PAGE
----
“Don’t move one more inch,” Samuel said as softly as possible. The man obeyed. Samuel slapped one end of the handcuffs around the man’s left wrist, then connected the other end to the railing of the stairway. The man began whimpering like a little baby. Samuel didn’t like that, he didn’t like that at all. He wished he had something to stuff in the man’s mouth,—even a handkerchief would do—but he hadn’t prepared for this possibility. Nothing ever went smoothly for him.
He leaned into the man’s pockmarked face and pressed his gun against his cracked lips. “Listen to me very carefully. I’ve got a job to do and I need to concentrate. It’ll be very dangerous for both you and me if I can not concentrate. I don’t want to hear a peep out of you. If I feel my concentration slipping I’m liable to turn around and plant a bullet in your face, you got that? Just nod if you understand.” The man nodded, his mouth just barely touching the barrel of the gun. “Thank you for your cooperation, sir.” He pulled the gun away from the man’s face, then glanced at his wrist watch. Ten to one.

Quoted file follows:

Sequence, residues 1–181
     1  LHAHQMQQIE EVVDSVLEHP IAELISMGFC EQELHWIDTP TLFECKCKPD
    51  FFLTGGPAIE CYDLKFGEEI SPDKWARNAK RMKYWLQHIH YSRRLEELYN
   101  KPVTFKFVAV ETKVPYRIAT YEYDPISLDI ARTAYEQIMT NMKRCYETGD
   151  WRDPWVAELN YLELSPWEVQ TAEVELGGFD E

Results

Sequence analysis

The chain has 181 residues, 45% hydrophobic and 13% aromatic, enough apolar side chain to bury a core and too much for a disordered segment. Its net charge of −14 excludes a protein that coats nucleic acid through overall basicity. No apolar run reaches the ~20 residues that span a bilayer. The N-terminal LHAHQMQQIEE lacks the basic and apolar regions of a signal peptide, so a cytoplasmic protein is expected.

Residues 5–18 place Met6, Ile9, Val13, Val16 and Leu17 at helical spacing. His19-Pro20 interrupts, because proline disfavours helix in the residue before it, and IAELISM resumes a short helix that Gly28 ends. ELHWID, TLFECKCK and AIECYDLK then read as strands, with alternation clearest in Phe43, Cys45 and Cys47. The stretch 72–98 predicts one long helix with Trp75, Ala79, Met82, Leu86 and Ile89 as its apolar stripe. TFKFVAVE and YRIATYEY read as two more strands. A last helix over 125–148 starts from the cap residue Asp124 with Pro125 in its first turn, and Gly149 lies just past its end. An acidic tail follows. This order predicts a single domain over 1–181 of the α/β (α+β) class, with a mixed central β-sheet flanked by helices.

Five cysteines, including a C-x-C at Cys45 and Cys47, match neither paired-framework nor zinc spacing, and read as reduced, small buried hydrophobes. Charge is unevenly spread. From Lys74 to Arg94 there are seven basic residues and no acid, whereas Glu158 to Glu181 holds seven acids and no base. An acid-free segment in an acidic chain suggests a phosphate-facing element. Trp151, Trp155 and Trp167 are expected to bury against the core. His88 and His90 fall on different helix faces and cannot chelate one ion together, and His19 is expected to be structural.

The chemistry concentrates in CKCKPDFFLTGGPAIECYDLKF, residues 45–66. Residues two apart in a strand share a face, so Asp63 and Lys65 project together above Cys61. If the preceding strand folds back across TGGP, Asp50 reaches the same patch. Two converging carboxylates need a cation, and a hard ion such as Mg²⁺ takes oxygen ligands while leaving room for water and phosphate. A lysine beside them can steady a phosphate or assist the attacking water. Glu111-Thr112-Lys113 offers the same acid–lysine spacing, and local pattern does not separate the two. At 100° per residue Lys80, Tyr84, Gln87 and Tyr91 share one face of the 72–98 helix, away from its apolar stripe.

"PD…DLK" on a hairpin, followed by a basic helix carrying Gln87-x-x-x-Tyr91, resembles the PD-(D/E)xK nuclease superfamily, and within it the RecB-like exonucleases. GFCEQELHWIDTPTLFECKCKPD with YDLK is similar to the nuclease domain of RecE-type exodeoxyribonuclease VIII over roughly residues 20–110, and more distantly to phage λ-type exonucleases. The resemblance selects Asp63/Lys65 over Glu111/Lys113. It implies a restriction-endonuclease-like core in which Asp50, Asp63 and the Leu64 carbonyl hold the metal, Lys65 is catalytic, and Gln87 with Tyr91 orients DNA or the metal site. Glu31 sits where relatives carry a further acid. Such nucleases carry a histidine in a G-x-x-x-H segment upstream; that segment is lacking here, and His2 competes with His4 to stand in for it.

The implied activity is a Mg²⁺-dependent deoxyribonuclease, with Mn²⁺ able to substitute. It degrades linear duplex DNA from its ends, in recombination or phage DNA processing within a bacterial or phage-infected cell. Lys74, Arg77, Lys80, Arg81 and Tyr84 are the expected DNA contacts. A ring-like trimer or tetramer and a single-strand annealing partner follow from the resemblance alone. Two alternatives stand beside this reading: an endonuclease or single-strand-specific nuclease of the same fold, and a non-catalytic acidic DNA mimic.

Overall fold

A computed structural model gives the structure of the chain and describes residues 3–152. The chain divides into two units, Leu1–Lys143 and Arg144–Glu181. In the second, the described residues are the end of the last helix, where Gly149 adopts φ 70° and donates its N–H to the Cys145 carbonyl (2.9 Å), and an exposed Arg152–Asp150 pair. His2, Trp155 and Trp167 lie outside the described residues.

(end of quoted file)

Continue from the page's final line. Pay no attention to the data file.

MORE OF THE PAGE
He turned his back on the man, kneeled in front of the toolbox. He began connecting the wire to the blasting cap. Despite Samuel’s warning, the man continued to whimper. Perhaps he didn’t even know he was doing it. Samuel managed to block out all the sounds surrounding him. A delicate, dangerous procedure like this commanded his entire attention. He took a deep breath before twisting the wire around the nodes of the dry cell. From the dry cell he connected it to the bell of the alarm clock.
While tying the wire around the hammer of the bell, he heard the creaking behind him. He glanced over his shoulder. The man was trying to squeeze his wrist through the handcuff.